Due to COVID-19, I now find myself trying to come up with educational yet entertaining ways to keep three children busy. As we practice social distancing, we decided to incorporate science experiments into our new daily routine. I decided to share today’s science experiment with my readers in case anyone else is also looking for simple, low cost ways to entertain their children.
Tonight, we decided to try an experiment called Candy Coating Revealed from the National Geographic Kids website. This website has several straightforward children’s experiments. Most of the experiments require minimal ingredients that you likely have at home. Since most of our stores are closing or have reduced hours, we wanted experiments that had items already in our home. This experiment fit the bill perfectly!
What ingredients do you need? All you need are some containers, different candies with colored coating, and a few liquids. We used Skittles, Sugar Babes, and Nerds for the candies. In retrospect, apparently Sugar Babes do not have a colored candy coating. The children did not care though. For our liquids, we used water, peroxide, and vinegar.
What do you do after you gather your ingredients? Put candy in your dishes. Have your children write down their hypothesis about which candies will dissolve first. Next, have your children write down their hypothesis about which liquid will dissolve the candies fastest. Next, fill your dishes with your liquids. Then sit back and watch your experiment!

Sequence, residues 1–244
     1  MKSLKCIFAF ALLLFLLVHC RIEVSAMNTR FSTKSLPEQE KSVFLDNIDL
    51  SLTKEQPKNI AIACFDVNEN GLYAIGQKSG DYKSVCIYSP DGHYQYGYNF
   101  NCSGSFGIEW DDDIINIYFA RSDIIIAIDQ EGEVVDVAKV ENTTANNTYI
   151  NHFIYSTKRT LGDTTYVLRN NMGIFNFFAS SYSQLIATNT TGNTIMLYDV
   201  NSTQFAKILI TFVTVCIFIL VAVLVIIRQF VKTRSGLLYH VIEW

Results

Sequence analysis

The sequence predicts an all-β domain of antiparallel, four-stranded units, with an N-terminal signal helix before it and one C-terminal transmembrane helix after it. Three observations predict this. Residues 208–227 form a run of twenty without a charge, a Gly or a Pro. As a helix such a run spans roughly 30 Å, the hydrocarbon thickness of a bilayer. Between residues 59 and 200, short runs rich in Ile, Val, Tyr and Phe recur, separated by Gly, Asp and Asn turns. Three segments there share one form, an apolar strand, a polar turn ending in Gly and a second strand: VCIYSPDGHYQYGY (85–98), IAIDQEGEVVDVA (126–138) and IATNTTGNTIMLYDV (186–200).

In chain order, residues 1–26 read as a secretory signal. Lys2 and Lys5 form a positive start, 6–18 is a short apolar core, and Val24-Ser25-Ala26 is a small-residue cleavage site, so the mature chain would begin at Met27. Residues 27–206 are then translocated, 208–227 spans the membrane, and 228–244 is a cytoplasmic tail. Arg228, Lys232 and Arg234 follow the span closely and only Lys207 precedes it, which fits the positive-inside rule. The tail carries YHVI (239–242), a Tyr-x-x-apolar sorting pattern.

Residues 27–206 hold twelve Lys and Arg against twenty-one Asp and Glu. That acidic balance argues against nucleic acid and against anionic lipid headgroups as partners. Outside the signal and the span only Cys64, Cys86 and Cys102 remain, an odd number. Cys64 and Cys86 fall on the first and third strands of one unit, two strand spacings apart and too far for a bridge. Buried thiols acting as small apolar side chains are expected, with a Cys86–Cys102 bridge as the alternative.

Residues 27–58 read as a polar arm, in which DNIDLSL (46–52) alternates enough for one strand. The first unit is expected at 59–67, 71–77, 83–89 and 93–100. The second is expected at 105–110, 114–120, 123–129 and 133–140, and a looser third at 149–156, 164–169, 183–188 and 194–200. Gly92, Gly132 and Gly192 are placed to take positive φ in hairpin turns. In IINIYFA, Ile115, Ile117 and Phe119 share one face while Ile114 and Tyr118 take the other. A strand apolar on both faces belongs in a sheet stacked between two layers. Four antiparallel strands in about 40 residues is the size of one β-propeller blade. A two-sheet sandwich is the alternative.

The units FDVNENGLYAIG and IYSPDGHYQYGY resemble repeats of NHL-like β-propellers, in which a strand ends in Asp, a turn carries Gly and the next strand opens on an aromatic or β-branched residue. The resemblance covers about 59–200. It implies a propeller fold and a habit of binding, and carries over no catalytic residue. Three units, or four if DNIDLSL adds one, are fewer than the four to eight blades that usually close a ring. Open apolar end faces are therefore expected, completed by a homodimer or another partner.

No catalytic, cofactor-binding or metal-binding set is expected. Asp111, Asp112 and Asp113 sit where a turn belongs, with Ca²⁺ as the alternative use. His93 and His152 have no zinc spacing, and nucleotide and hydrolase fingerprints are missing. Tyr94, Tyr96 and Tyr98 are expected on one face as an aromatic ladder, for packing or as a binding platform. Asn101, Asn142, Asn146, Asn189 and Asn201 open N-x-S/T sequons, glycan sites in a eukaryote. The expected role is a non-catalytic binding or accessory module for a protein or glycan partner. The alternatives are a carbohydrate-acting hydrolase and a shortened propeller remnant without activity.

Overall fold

My Review of the Experiment
This experiment was perfect to do with young kids! The experiment was really simple to do. This is a huge plus when you have three kids who all want to bounce and talk over each other. This experiment was also budget friendly. The candy was only $3 total. We had everything else we needed in the house already. The experiment was fast (under 30 minutes). I wanted to avoid longer experiments, because little kids have notoriously short attention spans. Another thing I liked about this experiment is it was easy to modify so the kids could create different hypothesises.
Overall, this was a cheap way to entertain the kids for a while. I have included the link to the National Geographic Kids’ experiment, so that it is easy to find. Happy experimenting!